The Benefits of Gratitude and Positive Thinking in Daily Life

Finding the bright side of things helps us get through difficult times. It also promotes resilience in trying situations, according to studies.

Make it a daily habit to write down the things you are grateful for on little slips of paper and save them in a jar as a way to practice gratitude. Alternatively, try sending one letter of appreciation to a friend or relative every week.

1. Lessens Tension

By lowering the hormone cortisol, which can lead to anxiety and sadness, gratitude lowers stress. In one study, those who consistently engaged in acts of appreciation had cortisol levels that were 23% lower.

By cultivating thankfulness, you can steer clear of negative emotions that frequently accompany stressful situations, such as jealousy, bitterness, and self-criticism. Gratitude can also help with problem-solving and maintaining a regular sleep schedule by fostering pleasant feelings.

According to studies, more trait thankfulness has been linked to higher levels of pleasure, life satisfaction, and optimism. In addition to having better connections and lower rates of anxiety, despair, and chronic pain, those who express appreciation more often also have stronger relationships.

Consider expressing gratitude every day rather than saving your gratitude for special occasions like holidays or other occasions. Making thankfulness a daily practice is one of the quickest paths to better emotional health. It will get easier the more you practice. For instance, you may write down three things for which you are thankful at the beginning of each day.

2. Boosts Confidence

Taking the time to appreciate the blessings in your life is a wonderful way to cultivate thankfulness. Additionally, it can assist you in learning how to change your negative ideas and emotions into more positive ones, which can help you feel better about yourself and prevent despair.

In a particular study, subjects completed daily reports in which they rated their expectations for the day, the high and low points, and their sentiments of gratitude for a close friend or relative. In addition, questions about their frequency of exercise, amount of sleep the night before, and stress level were posed to them.

Researchers discovered that, compared to a control group that was instructed to just list their problems, the group that was encouraged to write about their blessings reported higher subjective well-being. Compared to those who wrote about their concerns, those who wrote about their blessings were happier, exercised more, and reported feeling better about themselves.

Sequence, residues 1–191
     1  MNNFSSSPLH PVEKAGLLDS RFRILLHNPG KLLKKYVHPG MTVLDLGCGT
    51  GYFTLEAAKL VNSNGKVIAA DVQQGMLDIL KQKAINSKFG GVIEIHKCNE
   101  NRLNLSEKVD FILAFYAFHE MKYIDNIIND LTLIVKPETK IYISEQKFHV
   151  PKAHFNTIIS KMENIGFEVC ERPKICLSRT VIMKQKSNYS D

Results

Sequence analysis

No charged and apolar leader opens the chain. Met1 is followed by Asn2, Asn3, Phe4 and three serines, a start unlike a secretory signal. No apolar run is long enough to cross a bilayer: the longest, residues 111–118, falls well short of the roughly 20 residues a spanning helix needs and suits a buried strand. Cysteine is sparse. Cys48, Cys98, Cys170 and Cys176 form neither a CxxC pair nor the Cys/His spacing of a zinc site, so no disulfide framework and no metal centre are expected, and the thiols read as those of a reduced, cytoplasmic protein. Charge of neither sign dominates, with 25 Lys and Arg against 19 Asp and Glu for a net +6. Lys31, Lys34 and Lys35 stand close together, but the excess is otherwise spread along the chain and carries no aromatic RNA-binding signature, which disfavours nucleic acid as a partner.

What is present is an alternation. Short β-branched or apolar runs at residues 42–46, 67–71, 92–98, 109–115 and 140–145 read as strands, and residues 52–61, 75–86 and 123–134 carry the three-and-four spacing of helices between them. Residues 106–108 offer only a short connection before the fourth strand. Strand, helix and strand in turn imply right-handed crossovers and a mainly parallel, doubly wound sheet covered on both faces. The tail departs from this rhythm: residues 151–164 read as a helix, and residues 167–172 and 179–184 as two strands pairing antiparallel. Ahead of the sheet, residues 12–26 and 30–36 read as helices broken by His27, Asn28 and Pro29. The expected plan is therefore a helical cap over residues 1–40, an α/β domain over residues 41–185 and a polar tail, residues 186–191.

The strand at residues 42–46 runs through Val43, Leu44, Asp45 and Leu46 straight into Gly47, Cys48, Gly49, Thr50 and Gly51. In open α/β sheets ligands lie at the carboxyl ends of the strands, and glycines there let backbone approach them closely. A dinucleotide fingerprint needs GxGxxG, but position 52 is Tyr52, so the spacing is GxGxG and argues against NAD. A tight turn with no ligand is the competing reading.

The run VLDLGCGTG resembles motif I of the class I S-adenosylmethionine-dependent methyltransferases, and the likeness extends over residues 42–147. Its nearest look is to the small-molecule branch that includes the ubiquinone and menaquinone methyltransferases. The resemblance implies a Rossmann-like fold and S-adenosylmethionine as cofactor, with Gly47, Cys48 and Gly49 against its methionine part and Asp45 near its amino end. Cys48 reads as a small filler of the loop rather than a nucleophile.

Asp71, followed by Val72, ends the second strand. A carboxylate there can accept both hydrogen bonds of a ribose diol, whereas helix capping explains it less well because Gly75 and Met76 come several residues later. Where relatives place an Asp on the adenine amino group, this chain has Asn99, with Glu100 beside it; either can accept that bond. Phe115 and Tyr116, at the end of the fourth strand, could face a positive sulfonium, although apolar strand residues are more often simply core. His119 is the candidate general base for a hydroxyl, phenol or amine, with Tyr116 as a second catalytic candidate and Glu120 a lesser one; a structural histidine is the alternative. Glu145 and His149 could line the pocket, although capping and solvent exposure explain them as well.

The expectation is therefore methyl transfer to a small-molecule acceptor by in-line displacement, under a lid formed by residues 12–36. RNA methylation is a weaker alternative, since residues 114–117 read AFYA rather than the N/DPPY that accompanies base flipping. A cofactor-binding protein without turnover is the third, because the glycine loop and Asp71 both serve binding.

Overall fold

3. Strengthens Your Bonds

Your relationships can benefit from gratitude in a variety of ways. For instance, trying to come up with something positive to say about your partner can help defuse a tense situation. It can also assist you in changing your perspective on the issue to one that is more constructive, such as recognizing that your partner is acting in a helpful manner rather than concentrating solely on their bad actions.

In a similar vein, research has shown that gratitude can motivate others to return the favor. In one experiment, subjects were instructed to thank a person who had benefited them with a letter. Because of this, the researchers came to the conclusion that showing thankfulness might act as a social glue to keep connections together (Algoe & Stanton, 2012).

Gratitude is simple to cultivate when you focus on the positive aspects of your life. Try writing in a journal about the things you have to be grateful for, such as your family, your health, or your comfortable surroundings. As an alternative, include mindfulness and thankfulness into your daily routine by listening to a guided audio meditation, such as HelpGuide's Thankfulness in Difficult Times.

4. Enhances Well-Being

Immunity, happiness, and sleep have all been related to developing the beneficial habits of feeling grateful for what you have and the benefits that might result from doing so. Additionally, it can aid in controlling low-grade inflammation, which is linked to diabetes, heart disease, and other illnesses (for more details, see the Harvard Medical School reference).

Regular practice, like making a list of two or three things you're grateful for each day, is one of the best strategies to develop gratitude. If the thought of maintaining a gratitude diary seems daunting, Maidenberg advises incorporating it into your nightly ritual before bed or making it a family activity by talking about your blessings at the dinner table every night.

According to her, assisting others is another way to increase your level of thankfulness. "This kind of thankfulness builds neural pathways that associate positive emotions and kindness with other people, increasing your likelihood to rely on and trust other people," the author continues.

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